Many kilotons of 'recycled' Dutch plastic waste end up in the sea
On paper it is recycled, but in reality enormous quantities of plastic waste from the Netherlands end up in Asian seas. Researchers from the Leiden Institute of Environmental Sciences charted the fate of plastic food packaging waste from the Netherlands. They published their results on July 8 in the journal Resources, Conservation & Recycling.
The core of the problem with plastic waste: we produce far more plastic than we can process in our recycling facilities. We, therefore, ship a considerable amount of the waste to countries outside the EU. "We count these exports as part of the recycled share, but in practice they can end up in landfills or be mismanaged. There, the environment has free rein to drag the plastic into the oceans," explains the lead author Nicolas Navarre.
Complex trade patterns mapped for the first time
"It used to be sent to China, but they banned the import of plastic waste because the quality was too poor to be recycled. Now we largely send it to Turkey and Malaysia but they simply are not equipped to handle our waste either." Navarre analyzed these complex trade patterns and estimates that over 38 kilotons of plastic waste from Dutch food packaging ends up outside the EU every year and estimates that around 13 kilotons of it ends up in the oceans. Nevertheless, countries are increasingly weary of importing plastic waste. After imported plastic waste was found dumped on its beaches, Turkish authorities have followed China and banned the import plastic waste. "We'll likely move this problem to another country again," warns Navarre.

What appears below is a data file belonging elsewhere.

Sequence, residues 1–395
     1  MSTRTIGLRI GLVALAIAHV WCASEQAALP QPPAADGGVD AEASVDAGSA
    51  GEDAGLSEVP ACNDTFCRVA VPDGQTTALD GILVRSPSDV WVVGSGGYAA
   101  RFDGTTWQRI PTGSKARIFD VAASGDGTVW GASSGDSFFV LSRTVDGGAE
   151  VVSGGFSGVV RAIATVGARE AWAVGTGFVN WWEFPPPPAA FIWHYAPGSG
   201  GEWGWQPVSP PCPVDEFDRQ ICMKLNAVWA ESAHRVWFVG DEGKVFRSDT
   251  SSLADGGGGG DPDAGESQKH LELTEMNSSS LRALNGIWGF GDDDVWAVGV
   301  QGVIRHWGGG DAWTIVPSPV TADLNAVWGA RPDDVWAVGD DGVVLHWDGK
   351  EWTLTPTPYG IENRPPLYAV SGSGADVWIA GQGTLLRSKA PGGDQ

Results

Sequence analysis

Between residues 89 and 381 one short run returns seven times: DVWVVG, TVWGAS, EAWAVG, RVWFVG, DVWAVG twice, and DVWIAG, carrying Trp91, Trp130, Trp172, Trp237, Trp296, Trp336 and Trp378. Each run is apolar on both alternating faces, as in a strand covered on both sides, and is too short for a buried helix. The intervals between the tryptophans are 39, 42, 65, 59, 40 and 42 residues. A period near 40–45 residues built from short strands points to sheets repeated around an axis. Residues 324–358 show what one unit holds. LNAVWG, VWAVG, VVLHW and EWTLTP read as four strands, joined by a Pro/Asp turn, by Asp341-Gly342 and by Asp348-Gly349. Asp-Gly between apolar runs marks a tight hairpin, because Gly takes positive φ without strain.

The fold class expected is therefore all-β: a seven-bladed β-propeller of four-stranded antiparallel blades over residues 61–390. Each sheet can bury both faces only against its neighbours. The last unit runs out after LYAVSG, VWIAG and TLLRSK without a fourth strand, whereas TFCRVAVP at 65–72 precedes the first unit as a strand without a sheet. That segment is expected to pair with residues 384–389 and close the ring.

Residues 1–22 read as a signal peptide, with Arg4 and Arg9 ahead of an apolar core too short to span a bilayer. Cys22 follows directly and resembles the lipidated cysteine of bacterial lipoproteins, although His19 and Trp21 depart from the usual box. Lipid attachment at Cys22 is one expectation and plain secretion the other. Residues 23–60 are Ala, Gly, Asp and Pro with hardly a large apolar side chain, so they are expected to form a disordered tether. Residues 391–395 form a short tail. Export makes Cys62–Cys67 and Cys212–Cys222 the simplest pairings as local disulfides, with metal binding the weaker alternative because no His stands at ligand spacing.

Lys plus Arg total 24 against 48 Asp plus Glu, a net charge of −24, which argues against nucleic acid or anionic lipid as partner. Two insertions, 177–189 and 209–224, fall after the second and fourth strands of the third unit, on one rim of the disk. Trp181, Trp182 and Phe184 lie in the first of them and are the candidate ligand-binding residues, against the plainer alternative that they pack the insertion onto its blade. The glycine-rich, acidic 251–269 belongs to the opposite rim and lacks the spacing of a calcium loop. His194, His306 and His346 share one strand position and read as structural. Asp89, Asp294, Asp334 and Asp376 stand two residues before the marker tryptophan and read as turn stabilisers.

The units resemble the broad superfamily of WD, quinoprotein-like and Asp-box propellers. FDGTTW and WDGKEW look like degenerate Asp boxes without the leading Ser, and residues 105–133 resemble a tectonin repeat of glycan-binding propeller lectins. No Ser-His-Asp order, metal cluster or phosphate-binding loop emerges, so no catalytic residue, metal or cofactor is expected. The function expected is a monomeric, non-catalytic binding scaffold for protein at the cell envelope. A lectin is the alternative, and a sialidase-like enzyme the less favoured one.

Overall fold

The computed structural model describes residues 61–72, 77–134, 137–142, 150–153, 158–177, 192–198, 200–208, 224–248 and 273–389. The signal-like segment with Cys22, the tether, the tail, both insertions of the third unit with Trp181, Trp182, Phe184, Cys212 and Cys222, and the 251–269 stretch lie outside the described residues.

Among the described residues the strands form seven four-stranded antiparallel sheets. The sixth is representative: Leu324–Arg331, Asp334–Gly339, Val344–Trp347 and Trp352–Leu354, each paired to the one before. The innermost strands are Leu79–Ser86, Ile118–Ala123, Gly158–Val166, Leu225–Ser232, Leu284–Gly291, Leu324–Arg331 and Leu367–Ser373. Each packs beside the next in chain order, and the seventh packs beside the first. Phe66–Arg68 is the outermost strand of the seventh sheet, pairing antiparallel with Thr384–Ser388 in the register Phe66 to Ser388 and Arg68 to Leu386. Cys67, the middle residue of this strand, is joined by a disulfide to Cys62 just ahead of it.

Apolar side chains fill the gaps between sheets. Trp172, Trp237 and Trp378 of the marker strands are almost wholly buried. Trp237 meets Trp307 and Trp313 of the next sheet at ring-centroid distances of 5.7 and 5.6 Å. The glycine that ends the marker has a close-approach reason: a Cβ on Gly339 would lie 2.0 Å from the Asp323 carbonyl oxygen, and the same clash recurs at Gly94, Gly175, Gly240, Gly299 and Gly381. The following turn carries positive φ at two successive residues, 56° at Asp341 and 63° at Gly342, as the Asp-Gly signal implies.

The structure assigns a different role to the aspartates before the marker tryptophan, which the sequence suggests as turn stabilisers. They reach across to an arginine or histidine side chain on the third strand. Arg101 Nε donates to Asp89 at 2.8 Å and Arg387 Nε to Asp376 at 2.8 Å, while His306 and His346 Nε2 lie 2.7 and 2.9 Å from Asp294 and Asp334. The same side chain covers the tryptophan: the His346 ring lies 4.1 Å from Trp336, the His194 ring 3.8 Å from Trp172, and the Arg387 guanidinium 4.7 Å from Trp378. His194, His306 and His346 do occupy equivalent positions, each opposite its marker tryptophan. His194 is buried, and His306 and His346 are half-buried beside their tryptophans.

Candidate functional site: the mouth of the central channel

Surprisingly little plastic from vegetables, much more from soft drinks
Navarre considered where plastic goes, but also where it comes from. He investigated Dutch food packaging because it makes up over 50% of Dutch plastic waste and detailed estimates of plastic use across the entire Dutch diet had not been attempted yet. Navarre found that in the Netherlands we use 2.1 kilos of plastic for every hundred kilos of food.
"That is certainly not all bad, plastic has many advantages like reducing food waste. For example, fruits and vegetables stay fresh longer." Although it is precisely this packaging that has a bad image among consumers, Navarre finds that its share in the waste mountain is surprisingly small. The biggest chunk of waste comes from soft drink packaging. "What we've contributed with our work, is a clear understanding of where the waste comes from. This knowledge should help us find better solutions to our plastic problem and prevent the waste from even existing in the first place."
Navarre adds that proper recycling remains an important solution, "but we need to address the problem from different angles as well. We'll need more transparent government policies and innovations to reduce how much plastic we use in the first place."